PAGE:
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Small fines for fake vets

Published:Sunday | September 14, 2014 | 12:00 AM
Dr Laura Williams examines a goat.-File

Quacks increasing in numbers as animal owners fail to check qualifications

Untrained persons operating illegally as veterinarians are charging high prices for their services and dipping into the possible income of the 100 trained vets licensed to operate in Jamaica.

Dr Gavin Bellamy, head of aquaculture in the Ministry of Agriculture Veterinary Services Division, says the fake vets are getting away because their victims fail to report them.

"The presence of these illegal vets has been affecting the livelihood of the registered vets. Unfortunately, there are a lot of them in Jamaica now," said Bellamy.

"A lot of times when it becomes a problem and you ask the people affected by these people to make a formal complaint, no one will do it, and that is where the limitation is," added Bellamy.

Fear is said to be a major factor in persons' reluctance to expose these impostors, and persons in the field say there have even been instances where trained vets have been threatened when they try to set up shop in areas where quacks operate.

"I have been threatened in areas where I have worked by non-veterinarians telling me not to come back there because that's where they work. That has happened in St Thomas and other parishes," said one vet who asked not to be named.

Client ignorance

Dr Laura Williams, who has been practising for more than 10 years in Montego Bay, St James, believes that fake vets have become more barefaced of late, and this has been partly due to the ignorance of their clientele.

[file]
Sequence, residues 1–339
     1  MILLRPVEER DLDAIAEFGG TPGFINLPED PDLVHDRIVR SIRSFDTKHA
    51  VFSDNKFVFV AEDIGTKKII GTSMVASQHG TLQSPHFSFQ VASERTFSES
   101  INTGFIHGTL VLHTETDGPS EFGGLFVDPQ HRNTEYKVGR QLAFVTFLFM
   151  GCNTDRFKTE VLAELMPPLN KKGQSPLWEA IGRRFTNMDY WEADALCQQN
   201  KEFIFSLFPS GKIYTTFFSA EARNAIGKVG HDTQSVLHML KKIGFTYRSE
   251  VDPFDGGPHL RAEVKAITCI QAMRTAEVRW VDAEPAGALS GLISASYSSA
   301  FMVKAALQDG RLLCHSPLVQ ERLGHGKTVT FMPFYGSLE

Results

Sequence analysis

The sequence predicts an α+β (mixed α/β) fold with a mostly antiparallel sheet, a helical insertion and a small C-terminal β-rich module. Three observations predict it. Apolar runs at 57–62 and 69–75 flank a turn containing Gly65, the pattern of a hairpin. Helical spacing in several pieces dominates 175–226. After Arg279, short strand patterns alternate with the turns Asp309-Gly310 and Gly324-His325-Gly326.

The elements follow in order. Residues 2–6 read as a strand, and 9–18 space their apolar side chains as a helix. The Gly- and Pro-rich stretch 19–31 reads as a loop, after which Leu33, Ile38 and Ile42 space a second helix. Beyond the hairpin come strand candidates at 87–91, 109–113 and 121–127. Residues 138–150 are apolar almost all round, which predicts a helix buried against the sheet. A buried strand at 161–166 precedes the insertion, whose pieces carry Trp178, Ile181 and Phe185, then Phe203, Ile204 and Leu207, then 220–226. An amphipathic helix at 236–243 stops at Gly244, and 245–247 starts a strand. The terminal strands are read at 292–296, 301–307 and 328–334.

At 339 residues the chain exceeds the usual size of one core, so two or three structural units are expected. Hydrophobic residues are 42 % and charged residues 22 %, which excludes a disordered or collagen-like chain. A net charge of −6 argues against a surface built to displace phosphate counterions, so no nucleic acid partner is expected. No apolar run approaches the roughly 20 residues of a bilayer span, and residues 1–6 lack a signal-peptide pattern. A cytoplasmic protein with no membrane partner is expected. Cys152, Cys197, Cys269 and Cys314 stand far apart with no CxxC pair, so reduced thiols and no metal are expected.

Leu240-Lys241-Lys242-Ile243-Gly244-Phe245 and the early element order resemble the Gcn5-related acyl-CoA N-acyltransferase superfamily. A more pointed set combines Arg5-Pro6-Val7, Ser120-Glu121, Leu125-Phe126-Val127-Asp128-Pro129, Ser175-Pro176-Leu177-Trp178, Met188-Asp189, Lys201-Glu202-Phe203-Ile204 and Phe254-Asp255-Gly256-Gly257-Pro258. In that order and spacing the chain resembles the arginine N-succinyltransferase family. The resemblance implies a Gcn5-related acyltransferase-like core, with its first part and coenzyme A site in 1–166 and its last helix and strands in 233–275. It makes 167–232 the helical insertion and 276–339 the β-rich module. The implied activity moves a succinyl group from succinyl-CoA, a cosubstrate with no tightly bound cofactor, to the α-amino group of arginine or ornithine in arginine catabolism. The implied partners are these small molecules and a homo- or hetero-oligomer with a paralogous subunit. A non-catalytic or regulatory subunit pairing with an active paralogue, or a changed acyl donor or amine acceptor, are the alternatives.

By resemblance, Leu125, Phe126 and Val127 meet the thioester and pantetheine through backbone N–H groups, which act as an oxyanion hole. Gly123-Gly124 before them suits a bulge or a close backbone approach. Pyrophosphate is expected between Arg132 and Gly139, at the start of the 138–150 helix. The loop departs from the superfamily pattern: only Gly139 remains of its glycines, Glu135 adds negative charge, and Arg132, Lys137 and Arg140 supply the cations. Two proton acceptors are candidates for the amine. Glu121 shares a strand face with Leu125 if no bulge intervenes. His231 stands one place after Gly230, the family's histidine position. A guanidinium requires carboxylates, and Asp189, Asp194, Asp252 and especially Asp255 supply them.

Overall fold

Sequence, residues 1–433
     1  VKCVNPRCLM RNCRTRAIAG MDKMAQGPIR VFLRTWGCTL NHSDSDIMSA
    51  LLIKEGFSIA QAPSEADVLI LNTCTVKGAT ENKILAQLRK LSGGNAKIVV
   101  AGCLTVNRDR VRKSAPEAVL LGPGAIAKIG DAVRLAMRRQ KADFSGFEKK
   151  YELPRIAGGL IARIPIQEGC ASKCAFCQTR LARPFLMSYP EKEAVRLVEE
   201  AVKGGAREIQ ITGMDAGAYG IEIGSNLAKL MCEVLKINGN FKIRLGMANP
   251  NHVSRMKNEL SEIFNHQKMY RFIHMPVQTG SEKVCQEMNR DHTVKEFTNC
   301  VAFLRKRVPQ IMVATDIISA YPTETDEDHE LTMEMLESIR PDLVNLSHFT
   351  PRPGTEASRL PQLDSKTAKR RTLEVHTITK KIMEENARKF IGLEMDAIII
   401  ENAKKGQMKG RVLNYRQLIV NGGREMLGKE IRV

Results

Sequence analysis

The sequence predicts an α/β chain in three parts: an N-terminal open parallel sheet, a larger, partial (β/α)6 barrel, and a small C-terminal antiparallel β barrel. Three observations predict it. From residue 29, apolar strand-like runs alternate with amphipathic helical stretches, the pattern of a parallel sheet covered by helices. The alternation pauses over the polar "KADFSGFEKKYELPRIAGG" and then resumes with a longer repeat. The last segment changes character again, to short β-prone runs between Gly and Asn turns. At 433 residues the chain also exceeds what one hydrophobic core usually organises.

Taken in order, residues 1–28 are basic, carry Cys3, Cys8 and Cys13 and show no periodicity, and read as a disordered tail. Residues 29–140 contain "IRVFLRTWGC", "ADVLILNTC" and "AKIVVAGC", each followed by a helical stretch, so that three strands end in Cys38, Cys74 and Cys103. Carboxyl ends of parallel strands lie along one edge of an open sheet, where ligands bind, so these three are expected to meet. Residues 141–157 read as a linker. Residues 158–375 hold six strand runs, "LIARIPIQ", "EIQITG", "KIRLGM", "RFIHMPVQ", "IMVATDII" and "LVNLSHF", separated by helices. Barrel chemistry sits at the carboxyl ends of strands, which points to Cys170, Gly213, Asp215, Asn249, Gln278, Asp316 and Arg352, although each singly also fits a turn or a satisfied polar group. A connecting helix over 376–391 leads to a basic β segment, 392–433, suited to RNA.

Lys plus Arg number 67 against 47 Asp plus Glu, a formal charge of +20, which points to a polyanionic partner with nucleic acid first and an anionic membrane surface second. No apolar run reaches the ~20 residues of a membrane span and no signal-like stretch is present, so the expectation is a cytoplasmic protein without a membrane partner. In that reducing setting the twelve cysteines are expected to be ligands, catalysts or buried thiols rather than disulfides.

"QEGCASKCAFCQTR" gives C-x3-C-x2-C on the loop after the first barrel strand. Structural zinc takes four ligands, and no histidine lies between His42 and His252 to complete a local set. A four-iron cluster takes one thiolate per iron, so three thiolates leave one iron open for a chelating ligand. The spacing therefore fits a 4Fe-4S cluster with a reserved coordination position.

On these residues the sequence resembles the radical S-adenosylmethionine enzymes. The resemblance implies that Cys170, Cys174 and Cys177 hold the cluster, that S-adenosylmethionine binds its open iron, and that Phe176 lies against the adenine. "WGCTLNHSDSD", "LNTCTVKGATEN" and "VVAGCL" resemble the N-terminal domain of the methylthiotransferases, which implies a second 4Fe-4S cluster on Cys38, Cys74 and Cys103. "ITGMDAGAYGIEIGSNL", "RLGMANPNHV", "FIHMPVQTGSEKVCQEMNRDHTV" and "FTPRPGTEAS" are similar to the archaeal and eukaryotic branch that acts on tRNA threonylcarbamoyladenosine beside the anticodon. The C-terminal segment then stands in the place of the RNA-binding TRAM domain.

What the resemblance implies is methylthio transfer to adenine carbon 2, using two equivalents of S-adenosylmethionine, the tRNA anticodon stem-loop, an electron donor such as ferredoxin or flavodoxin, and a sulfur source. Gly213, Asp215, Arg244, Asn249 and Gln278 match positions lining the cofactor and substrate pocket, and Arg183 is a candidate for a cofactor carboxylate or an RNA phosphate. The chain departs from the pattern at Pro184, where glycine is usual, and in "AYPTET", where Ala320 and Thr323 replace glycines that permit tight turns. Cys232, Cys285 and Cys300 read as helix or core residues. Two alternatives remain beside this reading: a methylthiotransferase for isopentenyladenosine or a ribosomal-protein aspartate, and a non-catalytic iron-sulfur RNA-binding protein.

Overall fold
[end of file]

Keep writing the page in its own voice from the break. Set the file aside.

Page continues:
"Some of these people have quite a big clientele, and when you talk to these people, it is just a lack of knowledge because they don't really know that these people are not veterinarians," Williams pointed out.

"In certain communities, people don't really know the qualifications that a licensed veterinarian should have, and they actually do think that the persons who are seeing their animals are veterinarians. They pay good money; sometimes they pay the same that licensed professionals charge, or even more."

Dr Paul Cadogan, public relations officer for the Jamaica Veterinarian Medical Association, anticipates that the situation will continue because the laws which currently exist are too lenient to act as a deterrent.

According to Section 16(1)((d) of the Veterinary Act, which was last updated in 1976, a person who promotes himself or herself as a veterinarian is liable to a fine not exceeding $1,000 or to imprisonment for a term not exceeding two years, or to both such fine and imprisonment.

Section 16 (2) (c) of the act says if somebody lodges a complaint that someone is illegally practising and he or she is convicted, the penalty should not exceed $500 or they should be imprisoned for a term not exceeding 12 months, or both such fine and imprisonment.

"We need laws that have teeth and our Veterinary Act as it currently stands really has no teeth; really, I mean it's laughable," lamented Cadogan.

But Dr Osbil Watson, chairman of the minister of agriculture-appointed Veterinary Board, which is the regulatory body for veterinary professionals and responsible for administering the Veterinary Act, says changes are coming in the very near future.

"The act is in an advanced stage of amendment. We have been working on it for a couple of years now and issues in terms of fines were identified, so those will be addressed."